Cleveland Foreclosure Defense Information
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Foreclosure Defense, Strategies and Challenges
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The practice at Benson Law Firm focuses on bankruptcy, while the foreclosure defense work is generally limited to negotiating workouts in mediation either in lieu of bankruptcy or leading up to bankruptcy. In other words, we try to resolve the foreclosure during the mediation phase with a loan modification. There has been an increase in foreclosure activity in our practice, largely due to economic conditions and plummeting real estate values.
We represent clients throughout Northern Ohio, from Toledo to Youngstown and from Cleveland to Mansfield. Most of our foreclosure clients have some kind of major loss, usually a reduction in employment, a major medical event or a recent divorce. Our approach with these clients is as holistic as possible, linking my clients’ financial challenges with the most logical legal and non-legal solutions. For example, many clients are in need of public benefits, assistant from nonprofit agencies and credit repair.
Over the last several years, Northern Ohio has seen steady job losses and reductions in work hours. If two people in the household are making money sufficient to support mortgage payments and one or both lose a job or suffer a reduction in hours, it can send that household into a tailspin. Some people try to hang on, concentrating on the house by making payments on the mortgage while they defer other things. Eventually, they reach the limit on their credit cards while trying to make ends meet and find they cannot further reduce their expenses. Often, clients come into my office with a complaint in hand from a creditor lawsuit. Older individuals on fixed incomes who suffer major medical events and incur large amounts of medical debt discover at the end of the month that they don’t have enough money with which to make the monthly mortgage payment.
Many debtors find multiple factors can trigger or accelerate foreclosure. Any one problem may not cause an emergency but may begin a slow downward spiral. When people try to keep things on an even keel, they may be successful for a while. But eventually, they may end up “robbing Peter to pay Paul.” Other clients have been victims of predatory lending, and so they have houses that are worth a fraction of their loan amounts. They may want to stay in the home because it holds fond memories. But from an investment standpoint, it is a black hole. When asked if they would carry the same loan and buy the house at the same price all over again, they invariably say “of course not.”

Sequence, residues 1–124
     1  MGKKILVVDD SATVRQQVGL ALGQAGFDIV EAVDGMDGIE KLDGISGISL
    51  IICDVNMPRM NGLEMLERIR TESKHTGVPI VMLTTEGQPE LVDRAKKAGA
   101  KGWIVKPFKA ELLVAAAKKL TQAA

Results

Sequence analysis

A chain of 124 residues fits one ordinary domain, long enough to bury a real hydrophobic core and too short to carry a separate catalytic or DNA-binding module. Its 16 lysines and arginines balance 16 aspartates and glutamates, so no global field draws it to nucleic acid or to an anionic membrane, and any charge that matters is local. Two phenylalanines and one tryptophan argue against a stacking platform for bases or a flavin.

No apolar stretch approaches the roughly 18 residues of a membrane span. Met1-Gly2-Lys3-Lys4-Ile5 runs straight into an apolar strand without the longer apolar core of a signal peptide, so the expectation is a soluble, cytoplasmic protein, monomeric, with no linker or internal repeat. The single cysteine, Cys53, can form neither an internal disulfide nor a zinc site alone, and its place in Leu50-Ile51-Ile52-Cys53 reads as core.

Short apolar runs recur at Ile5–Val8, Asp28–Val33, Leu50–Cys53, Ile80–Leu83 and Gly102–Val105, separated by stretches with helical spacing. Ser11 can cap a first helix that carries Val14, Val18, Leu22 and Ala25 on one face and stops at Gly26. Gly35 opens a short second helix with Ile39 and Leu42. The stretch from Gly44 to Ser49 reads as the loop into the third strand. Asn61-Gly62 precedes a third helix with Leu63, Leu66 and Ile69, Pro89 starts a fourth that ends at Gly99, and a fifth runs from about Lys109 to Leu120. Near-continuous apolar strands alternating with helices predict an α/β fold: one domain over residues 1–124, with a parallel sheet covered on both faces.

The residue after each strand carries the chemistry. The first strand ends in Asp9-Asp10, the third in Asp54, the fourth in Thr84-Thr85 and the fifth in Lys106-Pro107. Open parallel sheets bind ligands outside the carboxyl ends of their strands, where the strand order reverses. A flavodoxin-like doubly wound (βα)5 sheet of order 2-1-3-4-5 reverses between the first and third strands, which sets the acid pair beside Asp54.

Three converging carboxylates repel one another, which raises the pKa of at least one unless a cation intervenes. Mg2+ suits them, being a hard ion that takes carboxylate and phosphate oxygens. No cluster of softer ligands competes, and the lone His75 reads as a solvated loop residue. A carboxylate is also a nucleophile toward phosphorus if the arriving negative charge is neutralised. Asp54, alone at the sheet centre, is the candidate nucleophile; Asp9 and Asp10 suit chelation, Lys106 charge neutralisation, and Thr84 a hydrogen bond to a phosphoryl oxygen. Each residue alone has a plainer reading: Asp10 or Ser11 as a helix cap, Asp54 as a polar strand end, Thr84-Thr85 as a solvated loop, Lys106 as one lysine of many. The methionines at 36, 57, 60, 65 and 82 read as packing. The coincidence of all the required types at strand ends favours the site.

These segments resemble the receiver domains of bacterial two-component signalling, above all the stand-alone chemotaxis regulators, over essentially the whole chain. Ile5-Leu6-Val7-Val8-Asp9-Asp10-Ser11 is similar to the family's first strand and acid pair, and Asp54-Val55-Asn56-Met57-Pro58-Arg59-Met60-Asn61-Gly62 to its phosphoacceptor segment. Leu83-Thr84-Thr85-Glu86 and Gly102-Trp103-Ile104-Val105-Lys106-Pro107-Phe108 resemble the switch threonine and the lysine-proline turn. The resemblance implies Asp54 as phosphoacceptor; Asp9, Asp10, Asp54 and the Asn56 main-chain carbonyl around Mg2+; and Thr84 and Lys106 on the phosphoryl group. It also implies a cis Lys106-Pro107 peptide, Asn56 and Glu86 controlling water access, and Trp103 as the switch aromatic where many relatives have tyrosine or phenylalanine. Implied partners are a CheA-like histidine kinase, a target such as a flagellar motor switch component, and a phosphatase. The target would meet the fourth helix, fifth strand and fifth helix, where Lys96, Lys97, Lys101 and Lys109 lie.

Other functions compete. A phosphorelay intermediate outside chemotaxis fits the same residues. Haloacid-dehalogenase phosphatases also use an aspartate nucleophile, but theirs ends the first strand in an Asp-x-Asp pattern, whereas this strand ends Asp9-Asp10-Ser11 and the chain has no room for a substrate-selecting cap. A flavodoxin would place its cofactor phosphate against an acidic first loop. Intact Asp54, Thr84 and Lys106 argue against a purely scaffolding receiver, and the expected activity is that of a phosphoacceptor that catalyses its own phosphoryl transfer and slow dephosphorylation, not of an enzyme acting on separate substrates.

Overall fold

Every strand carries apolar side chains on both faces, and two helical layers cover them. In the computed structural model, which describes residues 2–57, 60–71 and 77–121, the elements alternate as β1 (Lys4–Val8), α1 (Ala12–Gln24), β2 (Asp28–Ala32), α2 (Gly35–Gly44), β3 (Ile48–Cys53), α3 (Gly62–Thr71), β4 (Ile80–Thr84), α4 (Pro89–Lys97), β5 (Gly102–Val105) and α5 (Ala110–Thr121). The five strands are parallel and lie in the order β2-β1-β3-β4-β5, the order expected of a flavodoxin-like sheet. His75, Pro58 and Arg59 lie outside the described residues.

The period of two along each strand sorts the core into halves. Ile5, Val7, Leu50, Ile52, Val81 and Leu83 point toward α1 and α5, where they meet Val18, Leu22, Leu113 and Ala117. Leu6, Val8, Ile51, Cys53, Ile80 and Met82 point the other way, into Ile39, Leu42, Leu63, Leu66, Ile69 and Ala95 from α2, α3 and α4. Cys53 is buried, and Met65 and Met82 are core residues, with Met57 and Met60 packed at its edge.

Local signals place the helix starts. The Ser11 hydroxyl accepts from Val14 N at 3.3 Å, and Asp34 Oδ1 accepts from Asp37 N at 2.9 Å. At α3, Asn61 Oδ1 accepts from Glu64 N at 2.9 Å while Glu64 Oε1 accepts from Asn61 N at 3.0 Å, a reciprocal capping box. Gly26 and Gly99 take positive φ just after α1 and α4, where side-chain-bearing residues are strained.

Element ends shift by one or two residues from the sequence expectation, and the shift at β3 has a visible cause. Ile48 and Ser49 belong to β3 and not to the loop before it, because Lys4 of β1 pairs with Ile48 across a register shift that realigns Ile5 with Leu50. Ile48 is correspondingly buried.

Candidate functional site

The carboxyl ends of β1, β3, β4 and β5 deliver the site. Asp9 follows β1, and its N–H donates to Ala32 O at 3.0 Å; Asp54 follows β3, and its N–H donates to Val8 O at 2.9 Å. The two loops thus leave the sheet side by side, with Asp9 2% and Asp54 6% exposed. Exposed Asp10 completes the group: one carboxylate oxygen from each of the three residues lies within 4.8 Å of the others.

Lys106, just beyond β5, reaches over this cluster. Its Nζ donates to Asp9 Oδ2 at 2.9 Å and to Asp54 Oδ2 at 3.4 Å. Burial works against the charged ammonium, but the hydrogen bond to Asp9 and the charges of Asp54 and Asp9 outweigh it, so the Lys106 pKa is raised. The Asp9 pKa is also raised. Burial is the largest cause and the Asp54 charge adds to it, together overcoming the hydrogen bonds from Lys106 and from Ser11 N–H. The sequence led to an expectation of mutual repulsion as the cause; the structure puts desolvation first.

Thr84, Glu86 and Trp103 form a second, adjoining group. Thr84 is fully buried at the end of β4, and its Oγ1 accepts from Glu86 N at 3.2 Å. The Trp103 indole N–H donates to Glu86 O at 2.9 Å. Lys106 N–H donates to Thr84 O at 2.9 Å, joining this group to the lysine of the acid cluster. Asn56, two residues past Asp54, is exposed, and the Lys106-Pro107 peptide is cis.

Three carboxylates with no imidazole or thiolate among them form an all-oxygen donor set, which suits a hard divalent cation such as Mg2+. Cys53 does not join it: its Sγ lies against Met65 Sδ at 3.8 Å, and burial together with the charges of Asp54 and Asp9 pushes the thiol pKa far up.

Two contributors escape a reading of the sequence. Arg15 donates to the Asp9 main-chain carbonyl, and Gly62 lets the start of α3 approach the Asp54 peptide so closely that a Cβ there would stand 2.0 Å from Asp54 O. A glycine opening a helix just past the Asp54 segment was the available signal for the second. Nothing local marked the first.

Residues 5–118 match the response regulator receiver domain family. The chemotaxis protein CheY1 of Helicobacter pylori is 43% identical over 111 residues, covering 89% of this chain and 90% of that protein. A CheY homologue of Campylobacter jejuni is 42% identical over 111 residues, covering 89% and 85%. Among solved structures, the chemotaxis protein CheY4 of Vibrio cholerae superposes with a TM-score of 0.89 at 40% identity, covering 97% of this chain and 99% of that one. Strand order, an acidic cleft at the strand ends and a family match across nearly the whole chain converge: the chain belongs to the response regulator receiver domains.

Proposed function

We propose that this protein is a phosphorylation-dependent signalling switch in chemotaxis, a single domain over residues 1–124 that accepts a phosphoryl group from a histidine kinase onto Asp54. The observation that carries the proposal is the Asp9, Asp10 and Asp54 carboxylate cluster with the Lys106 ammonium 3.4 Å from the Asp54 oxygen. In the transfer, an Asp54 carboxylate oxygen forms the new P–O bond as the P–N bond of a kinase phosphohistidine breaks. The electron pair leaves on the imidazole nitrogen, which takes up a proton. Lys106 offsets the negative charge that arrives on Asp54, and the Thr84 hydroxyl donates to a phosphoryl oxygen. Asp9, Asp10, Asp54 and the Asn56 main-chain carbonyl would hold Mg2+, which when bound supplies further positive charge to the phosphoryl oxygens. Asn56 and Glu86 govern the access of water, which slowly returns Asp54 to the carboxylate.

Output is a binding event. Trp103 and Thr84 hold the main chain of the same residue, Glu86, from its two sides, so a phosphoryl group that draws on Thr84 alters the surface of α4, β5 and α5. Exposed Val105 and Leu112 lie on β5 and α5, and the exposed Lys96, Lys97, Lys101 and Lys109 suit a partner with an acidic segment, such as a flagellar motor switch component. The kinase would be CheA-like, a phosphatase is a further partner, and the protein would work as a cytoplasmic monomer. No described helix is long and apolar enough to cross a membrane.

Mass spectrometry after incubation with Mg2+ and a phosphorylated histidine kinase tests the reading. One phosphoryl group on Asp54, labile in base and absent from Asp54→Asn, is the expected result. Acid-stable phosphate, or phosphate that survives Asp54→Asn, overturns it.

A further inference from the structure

Nonetheless, most borrowers want to give some effort to working out an accommodation with their lender.
What one does with a distressed borrower depends first on whether they have sufficient time to negotiate with the mortgagee. If a foreclosure suit has not been filed, we suggest first to apply to the lender for a loan modification.
To receive a loan modification and avoid a foreclosure, a debtor should immediately contact either the lender (or mortgage servicer) directly, or get help from a nonprofit housing counselor. We say immediately because there is currently significant delay in processing applications for loan modifications. At Benson Law Firm, we recommend using a housing counselor (e.g., Neighborhood Assistance Corporation of America at www.naca.com) if clients are not too far behind on their mortgages. In fact, major lenders and servicers provide funding to many of the counseling agencies in order to reduce the number of foreclosures currently in the pipeline. Of course, it is important to communicate to clients that getting assistance from a housing counselor does not guarantee that a loan modification will be accomplished. Counselors and their counterparts in the lender’s loss mitigation department are still limited by internal lending policies and agreements with investors.
If a foreclosure seems imminent or has already been initiated, a client has several options. First is to answer the foreclosure complaint and request mediation. In mediation, a debtor previously rejected for a loan modification may be able to get a second bite of the apple. And if the debtor has not yet applied for a loan modification, this may be the forum for initiating this process. Of course, mediation is not a cure-all and if negotiations fail here, the options are limited.